But they knew one thing: they loved Obama. They had to love Obama. And they had to love him even more than Americans did – even more, indeed, than American journalists did. Because if they didn't, they'd be the racists. (Of course, the fact that they thought this way made one thing crystal clear: they were racists, the whole lot of them.)
In any event, for eight years, the presence of a black man in the Oval Office not only made it impossible for the European media to criticize him; it made them hesitate to go after America itself, at least in the take-no-prisoners way they'd been accustomed to. Guantánamo remained open, and Obama's policies helped make the Middle East even more destabilized and dangerous and led to the creation of ISIS. But you'd hardly have known it if you read the European press.
It must have hurt, having their hands tied like that for so long.
Well, now their hands are untied, and – with a few scattered exceptions – they're making up for lost time with a vengeance. As much as they loved Obama – well, that's how much they hate Trump. Most of them hate him even more, and clobber him even more brutally, than the majority of the American media do. No, maybe that's not possible. But they sure do hate him. One reason, surely, is that they know that Trump's victory has helped boost the prospects of Geert Wilders, Marine Le Pen, and others who – riding on waves of unease about the EU and Islam – seek to replicate the Donald's triumph in their own countries.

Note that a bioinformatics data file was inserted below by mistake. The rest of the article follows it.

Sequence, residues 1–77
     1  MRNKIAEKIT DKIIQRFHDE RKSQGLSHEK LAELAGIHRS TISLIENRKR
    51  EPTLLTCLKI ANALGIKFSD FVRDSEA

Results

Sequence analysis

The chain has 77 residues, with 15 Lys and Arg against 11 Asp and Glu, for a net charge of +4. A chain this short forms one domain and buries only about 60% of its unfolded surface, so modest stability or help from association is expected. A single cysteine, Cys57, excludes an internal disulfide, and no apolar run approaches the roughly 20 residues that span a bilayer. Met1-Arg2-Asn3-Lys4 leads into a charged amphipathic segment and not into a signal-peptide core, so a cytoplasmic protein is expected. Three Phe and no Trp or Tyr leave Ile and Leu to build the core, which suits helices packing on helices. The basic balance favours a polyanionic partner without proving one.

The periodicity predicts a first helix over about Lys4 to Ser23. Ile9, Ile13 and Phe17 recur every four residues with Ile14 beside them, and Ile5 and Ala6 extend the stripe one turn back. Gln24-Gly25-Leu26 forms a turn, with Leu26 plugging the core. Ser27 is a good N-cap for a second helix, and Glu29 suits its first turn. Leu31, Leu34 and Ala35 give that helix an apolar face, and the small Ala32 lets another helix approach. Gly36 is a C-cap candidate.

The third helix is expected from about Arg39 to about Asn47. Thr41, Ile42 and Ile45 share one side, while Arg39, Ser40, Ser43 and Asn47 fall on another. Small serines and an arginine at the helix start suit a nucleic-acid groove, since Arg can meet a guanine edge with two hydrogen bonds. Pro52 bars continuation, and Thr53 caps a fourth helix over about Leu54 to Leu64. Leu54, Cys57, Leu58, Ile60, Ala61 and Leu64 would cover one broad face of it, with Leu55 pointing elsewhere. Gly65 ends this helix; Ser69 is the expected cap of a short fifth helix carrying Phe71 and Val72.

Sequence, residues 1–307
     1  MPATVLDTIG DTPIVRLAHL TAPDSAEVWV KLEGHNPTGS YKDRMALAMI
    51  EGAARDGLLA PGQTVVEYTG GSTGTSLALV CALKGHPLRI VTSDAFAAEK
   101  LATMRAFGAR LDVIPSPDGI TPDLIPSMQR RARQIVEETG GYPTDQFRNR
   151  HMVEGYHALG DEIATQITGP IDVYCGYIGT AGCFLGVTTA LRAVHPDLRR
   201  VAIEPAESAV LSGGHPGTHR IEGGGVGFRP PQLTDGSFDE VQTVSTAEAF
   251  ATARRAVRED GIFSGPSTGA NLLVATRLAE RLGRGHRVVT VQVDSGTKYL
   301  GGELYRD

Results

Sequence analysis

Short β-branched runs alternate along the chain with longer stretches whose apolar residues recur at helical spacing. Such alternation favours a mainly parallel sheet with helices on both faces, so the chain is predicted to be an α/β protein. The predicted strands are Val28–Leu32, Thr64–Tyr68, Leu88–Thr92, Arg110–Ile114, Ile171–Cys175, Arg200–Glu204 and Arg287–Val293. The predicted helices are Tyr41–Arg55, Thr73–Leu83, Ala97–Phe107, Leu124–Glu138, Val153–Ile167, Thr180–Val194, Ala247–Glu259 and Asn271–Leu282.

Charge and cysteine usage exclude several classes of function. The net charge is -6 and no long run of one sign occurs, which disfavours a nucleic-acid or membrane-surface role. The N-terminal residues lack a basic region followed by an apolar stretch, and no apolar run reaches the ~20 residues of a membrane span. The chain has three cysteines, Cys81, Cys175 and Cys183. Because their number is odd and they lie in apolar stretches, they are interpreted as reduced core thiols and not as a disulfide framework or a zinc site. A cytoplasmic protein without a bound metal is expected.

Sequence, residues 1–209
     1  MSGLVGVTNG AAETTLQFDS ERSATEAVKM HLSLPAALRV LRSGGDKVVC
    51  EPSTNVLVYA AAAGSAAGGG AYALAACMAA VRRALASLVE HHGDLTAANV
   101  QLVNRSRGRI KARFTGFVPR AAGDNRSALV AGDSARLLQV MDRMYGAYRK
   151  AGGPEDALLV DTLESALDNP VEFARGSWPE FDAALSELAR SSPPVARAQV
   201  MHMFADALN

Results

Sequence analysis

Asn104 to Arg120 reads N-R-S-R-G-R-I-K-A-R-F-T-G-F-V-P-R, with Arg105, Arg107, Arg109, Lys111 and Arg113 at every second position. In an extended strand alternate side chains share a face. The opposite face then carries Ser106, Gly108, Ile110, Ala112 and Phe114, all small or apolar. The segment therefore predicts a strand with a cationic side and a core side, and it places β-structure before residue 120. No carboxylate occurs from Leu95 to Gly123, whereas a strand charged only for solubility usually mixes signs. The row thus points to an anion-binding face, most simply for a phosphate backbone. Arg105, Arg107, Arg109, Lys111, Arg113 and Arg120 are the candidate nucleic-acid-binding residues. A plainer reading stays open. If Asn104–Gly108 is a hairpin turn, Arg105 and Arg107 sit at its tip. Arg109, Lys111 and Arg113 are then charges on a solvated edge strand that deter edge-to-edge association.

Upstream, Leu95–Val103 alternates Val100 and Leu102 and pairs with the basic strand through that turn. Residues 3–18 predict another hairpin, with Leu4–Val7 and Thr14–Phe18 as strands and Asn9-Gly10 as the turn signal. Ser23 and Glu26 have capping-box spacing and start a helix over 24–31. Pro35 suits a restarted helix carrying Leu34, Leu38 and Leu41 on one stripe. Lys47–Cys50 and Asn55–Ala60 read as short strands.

So it was that, on January 21, a writer for Spain's El Mundo compared Trump to Chance, the retarded gardener in the 1979 movie Being There who becomes a top White House adviser; over at that country's other big paper, El País, a commentator called his inauguration an “exhibition of male, white, privileged power.” While one piece in Denmark's Politiken was headlined “Obama was a magnificent president,”another spoke darkly of “TrumPutinism.” Sweden's Dagens Nyheter contrasted Trump, “the wicked troll,” with Justin Trudeau, the “fairy-tale prince.”